That lecture is reproduced, somewhat updated, in his ‘Six Easy Pieces’ by Feynman and Leighton, as chapter six.
    And yes his QED: The Strange Theory of Light and Matter, is marvelous as can be.
    His attempt to give a layman’s presentation of why antimatter has to exist is a fascinating sidelight, tho technically a failure, as he acknowledges. His failure in doing so partly convinced him that no one truly understands the subject yet. It was part of his attempt to explain in every day terms the bizarre connection between spin and statistics. But he couldn’t. Einstein, in his nomination of Wolfgang Pauli to the Nobel academy for the physics prize, seemed resigned to accepting it as an experimental fact. Various people, Pauli included, thought they derived it mathematically from special relativity plus standard QM, but no one was too impressed by those attempts. George Sudarshan claims a derivation wo using special relativity. I couldn’t understand it though.
    It’s the idea behind the exclusion principle of chemistry. Why can’t more than two electrons share an atomic orbital ? More or less an independent force of nature, in a par with gravity and electromagnetism? No one wants to accept that. Geniuses like Schwinger, Pauli and Sudarshan thought they ‘derived’ it. Feynman wasn’t buying it though. He was famous for saying “don’t let anyone tell you they understand quantum mechanics, because they don’t.’ But he also said that literally everything there is to understand about QM is right there in the double slit experiment, entanglement too (he gave a justification of that last somewhere. Murray Gelman seemed to agree.)

  17. ISL says:

    High pressure (pneumatic) versus vacuum. At the speeds desired, the tube must maintain a high vacuum or the vehicle will tear itself apart (due to compressional heating). Keeping flanges of a hyper loop perfectly leak free despite thermal cycles (in the desert of all places) is beyond any current or near term technology, so it would need to be backed up with massive vacuum pumps (and redundant backup pumps) at every flange, pushing costs into the stratosphere plus cancelling the energy savings.
    Its a great idea for humanity in a century or so when star trek technology is available.
    Now its a great idea to lighten the wallets of various VCs.

  18. FourthAndLong says:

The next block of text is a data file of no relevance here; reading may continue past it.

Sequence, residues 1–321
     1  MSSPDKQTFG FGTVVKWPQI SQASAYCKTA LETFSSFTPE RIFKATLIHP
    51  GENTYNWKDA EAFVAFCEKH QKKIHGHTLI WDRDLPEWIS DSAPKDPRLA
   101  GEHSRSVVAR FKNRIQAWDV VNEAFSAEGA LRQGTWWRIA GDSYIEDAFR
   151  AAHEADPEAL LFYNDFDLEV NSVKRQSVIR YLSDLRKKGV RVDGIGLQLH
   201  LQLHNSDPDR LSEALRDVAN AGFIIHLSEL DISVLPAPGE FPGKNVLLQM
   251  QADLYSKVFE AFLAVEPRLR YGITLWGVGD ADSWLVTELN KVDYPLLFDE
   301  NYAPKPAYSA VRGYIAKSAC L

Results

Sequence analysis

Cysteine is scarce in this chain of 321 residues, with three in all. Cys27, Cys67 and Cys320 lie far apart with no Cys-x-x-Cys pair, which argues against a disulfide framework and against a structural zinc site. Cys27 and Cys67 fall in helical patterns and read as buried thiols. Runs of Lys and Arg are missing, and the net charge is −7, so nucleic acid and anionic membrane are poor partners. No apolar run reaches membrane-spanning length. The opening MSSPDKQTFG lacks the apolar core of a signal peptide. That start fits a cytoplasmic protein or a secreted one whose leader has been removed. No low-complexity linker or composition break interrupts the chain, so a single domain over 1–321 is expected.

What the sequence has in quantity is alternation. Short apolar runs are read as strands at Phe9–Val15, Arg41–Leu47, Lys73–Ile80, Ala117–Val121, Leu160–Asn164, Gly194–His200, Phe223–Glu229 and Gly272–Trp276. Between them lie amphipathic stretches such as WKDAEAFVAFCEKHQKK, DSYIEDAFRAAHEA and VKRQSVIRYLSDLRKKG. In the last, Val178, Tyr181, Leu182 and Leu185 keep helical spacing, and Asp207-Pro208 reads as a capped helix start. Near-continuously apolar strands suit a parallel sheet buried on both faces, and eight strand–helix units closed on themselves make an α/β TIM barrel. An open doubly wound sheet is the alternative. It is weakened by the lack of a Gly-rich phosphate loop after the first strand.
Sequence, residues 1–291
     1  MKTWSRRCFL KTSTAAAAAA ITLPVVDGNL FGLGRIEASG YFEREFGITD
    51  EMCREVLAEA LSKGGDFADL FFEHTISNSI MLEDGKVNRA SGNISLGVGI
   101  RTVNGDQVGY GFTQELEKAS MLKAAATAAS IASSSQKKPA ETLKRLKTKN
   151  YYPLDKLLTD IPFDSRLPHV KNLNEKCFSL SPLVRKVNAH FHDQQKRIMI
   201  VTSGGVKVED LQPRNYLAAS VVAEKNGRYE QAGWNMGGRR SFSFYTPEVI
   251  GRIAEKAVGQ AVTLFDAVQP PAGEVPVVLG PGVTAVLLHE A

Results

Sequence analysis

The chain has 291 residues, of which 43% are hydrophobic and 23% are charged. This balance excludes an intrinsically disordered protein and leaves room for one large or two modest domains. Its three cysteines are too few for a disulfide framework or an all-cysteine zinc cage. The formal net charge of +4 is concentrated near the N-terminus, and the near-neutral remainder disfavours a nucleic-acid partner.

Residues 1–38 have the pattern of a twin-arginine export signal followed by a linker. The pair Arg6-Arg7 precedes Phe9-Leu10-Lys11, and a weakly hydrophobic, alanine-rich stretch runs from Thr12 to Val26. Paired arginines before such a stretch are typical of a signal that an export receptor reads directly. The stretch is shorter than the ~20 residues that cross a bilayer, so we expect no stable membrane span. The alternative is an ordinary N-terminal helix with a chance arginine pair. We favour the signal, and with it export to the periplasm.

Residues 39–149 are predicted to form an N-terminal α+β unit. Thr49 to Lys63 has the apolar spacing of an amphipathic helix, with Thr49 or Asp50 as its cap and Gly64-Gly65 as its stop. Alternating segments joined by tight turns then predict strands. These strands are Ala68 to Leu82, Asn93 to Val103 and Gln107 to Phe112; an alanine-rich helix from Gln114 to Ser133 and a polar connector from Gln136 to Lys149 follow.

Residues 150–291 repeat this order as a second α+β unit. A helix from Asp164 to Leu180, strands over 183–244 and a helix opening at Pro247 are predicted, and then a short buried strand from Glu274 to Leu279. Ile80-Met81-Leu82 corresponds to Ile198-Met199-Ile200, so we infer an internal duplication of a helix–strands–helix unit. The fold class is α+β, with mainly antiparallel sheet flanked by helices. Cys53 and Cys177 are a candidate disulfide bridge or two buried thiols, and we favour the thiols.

It’s worth trying to work it out anyway. May have other applications.

  19. Will.2718 says:

    Even after earning a BS in Physics, I truly didn’t understand Quantum Mechanics (“QM”) until entering the Masters program in Electrical Engineering. Then it was like a light bulb turning on in my head. I’ve seen my key insight later in print, but I came up with it all by my lonesome.
    For example the uncertainty principle, the more you know about a particle’s position, then the less you know about its momentum and vice versa. Just a consequence of wave mechanics and the superposition principle. In electronics, one goes back and forth between the time domain and frequency domain. Imagine a trumpet blowing a pure C note with no beginning and no end. Its frequency is perfectly established but its time position is all over the place. Likewise, imagine a single infinitely sharp drumbeat. It is perfectly known in time, but its frequency is all over the place- best approximated by a fourier infinite series of sine waves. So there you go, the more you know of one domain, then the less you know of the other.
    I met my hero Paul Adrien Maurice Dirac in his 90’s when he was giving a talk at the Morehead Planetarium. Got him to autograph my copy of his “Principles of QM-” the book where he predicted the existence of the positron, found shortly thereafter, and speculated about the magnetic monopole, still lurking out there.
    My Electromagnetics Physics Professor, Dr Palmatier, was a close friend of DeWitt, who collaborated with Wheeler on some work. Always been fascinated by the Many Worlds Interpretation of QM and the multiverse concept.

  20. r whitman says:

    One of my undergraduate physics professors 65 years ago was fond of saying that a century from now much of new physics theory will be considered witchcraft.
    Quantum mechanics, Big Bang Theory and Relativity are likely candidates.

  21. Ishmael Zechariah says:

    Here is a repeat from one of your posts. IMO it cannot be repeated enough:
    “But we were born of risen apes, not fallen angels, and the apes were armed killers besides. And so what shall we wonder at? Our murders and massacres and missiles, and our irreconcilable regiments? Or our treaties whatever they may be worth; our symphonies however seldom they may be played; our peaceful acres, however frequently they may be converted into battlefields; our dreams however rarely they may be accomplished. The miracle of man is not how far he has sunk but how magnificently he has risen. We are known among the stars by our poems, not our corpses.” (Robert Ardrey, African Genesis)
    Perhaps there is still a future for mankind-perhaps not. Here is a more appropriate Ardrey quote for our times: “The dog barking at you from behind his master’s fence acts for a motive indistinguishable from that of his master when the fence was built” (The Territorial Imperative)
    Diplomacy and governance du jour seem to be the purview of barking dogs
    Ishmael Zechariah

  22. mongo says:

    Hello Sir,
    To say that you are studying quantum mechanics is a little vague — I could say in response that you are studying everything in physics that doesn’t relate to gravity. Other learned members of the group have suggested some good resources to look at, but I’ll refrain from joining in unless you have something in particular that interests you.